Patient survival after the diagnosis of Pit Met depends on the presence of other metastases and the subtype of the primary malignancy. Resection alone, with or without radiotherapy, does not change survival rates (154). The median survival rate after surgical removal of the pituitary tumor is 6 months (155, 156). Review of the literature determined the mean survival post-Pit Met diagnosis was 13.6 months. In our case series in City of Hope Hospital, median survival after diagnosis of Pit Met was 10 months. The differences in these data could be secondary to earlier diagnosis and more aggressive treatment of metastasis in the City of Hope group.

The present study has a number of limitations. First, analysis of City of Hope cases was descriptive and retrospective with two cases having incomplete medical records. Second, the size of the clinical cohort was quite small, thus limiting the strength of any conclusions drawn. Third, the data were not balanced by a control cohort. And finally, the study was single center based and could be biased by local unaccounted for factors.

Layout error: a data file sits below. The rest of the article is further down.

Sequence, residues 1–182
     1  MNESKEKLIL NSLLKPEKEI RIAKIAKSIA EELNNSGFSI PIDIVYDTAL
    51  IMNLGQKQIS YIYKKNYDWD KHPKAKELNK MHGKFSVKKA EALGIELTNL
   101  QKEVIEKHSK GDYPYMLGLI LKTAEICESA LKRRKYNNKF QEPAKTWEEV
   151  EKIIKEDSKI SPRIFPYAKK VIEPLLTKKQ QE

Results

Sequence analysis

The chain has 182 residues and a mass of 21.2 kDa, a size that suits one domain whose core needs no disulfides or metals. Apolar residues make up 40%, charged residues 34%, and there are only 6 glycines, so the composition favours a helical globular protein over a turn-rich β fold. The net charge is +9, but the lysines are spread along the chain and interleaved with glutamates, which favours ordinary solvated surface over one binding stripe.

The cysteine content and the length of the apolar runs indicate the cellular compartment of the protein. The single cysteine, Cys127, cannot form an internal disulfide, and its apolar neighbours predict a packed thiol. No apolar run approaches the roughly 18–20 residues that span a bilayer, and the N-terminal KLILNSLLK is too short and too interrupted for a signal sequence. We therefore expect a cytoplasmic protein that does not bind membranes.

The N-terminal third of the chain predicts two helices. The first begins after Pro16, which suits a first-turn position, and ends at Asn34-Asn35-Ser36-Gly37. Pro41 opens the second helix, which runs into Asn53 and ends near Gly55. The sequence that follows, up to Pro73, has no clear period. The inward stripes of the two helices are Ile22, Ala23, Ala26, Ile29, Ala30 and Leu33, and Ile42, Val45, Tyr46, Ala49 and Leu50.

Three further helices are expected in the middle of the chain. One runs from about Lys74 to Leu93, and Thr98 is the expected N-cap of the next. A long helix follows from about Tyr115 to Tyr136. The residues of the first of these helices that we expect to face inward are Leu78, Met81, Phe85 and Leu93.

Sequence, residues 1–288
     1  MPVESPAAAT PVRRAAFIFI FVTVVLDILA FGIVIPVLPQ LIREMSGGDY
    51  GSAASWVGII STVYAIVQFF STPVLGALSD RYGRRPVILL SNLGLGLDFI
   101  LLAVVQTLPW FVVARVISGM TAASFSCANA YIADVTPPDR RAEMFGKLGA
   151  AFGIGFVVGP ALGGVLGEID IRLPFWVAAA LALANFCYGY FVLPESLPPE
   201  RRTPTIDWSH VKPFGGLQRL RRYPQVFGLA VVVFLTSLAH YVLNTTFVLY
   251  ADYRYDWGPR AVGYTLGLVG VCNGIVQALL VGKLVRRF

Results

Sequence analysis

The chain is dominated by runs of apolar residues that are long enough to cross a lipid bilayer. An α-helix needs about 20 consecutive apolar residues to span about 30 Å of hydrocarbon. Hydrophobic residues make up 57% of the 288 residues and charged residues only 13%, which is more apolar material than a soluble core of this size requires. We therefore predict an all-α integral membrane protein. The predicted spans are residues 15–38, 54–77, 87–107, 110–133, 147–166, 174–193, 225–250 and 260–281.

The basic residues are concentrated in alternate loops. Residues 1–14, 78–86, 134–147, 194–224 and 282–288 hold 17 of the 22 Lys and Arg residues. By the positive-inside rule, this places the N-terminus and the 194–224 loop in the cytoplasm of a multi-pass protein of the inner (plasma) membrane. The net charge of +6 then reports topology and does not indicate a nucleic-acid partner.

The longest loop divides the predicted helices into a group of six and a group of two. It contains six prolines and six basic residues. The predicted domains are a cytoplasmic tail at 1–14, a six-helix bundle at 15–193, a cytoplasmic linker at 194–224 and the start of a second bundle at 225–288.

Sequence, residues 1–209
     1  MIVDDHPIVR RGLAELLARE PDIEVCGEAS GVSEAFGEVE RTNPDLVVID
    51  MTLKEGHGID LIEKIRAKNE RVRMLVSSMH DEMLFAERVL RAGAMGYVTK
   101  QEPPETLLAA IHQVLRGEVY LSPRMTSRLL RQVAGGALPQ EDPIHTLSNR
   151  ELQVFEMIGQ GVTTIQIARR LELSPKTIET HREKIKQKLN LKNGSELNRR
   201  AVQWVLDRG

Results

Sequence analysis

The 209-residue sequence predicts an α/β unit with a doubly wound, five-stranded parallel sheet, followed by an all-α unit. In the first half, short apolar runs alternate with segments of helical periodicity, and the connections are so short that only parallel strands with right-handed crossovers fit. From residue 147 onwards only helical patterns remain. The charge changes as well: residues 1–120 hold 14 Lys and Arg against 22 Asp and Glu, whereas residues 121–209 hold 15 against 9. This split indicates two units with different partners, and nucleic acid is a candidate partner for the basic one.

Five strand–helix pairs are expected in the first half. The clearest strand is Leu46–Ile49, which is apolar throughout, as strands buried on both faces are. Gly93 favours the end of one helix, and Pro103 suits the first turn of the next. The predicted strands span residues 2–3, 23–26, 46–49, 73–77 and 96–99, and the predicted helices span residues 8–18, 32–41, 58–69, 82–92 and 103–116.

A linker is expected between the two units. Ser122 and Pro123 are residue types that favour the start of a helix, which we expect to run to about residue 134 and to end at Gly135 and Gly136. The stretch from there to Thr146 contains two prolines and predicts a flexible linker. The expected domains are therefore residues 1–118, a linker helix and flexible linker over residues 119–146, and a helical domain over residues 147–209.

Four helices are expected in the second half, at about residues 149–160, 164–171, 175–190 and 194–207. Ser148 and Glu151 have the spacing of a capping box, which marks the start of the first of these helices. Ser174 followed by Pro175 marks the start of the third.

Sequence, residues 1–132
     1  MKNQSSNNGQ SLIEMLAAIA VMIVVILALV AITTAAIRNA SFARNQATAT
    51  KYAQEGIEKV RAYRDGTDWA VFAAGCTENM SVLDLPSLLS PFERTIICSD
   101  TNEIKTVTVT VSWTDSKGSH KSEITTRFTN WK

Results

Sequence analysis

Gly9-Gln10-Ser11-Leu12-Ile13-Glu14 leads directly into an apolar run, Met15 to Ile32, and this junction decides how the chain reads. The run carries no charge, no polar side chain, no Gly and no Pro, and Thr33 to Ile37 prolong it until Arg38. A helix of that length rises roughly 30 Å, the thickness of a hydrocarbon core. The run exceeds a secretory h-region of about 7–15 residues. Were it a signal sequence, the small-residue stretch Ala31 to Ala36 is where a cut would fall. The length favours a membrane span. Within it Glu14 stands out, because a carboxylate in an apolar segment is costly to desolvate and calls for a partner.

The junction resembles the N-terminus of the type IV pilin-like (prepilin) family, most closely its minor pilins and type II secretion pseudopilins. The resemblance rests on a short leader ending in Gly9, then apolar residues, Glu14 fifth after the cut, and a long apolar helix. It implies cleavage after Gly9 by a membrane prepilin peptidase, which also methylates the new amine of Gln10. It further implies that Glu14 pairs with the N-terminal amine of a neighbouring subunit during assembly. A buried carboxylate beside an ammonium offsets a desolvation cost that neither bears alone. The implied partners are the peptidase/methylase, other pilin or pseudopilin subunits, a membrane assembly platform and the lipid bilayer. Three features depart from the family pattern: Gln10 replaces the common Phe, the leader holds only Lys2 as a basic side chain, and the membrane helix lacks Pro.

Although the detection and treatment of cancers in general have improved, the incidence of Pit Mets has been increasing. Pit Mets may be the initial presentation of many cancers or may arise during treatment. Physicians should be cautious when a patient presents with extreme fatigue or symptoms suspicious for hypothyroidism or hypoadrenalism. The mechanism of attracting metastatic cells to the pituitary gland is not clear yet. It may be due to the vascular distribution of the pituitary gland, characteristics of the primary tumor or yet to be determined features of the pituitary gland milieu. Determining the molecular characteristics of the tumor and hosting environments will help to elucidate the pathophysiology of this unusual condition.

Declaration of interest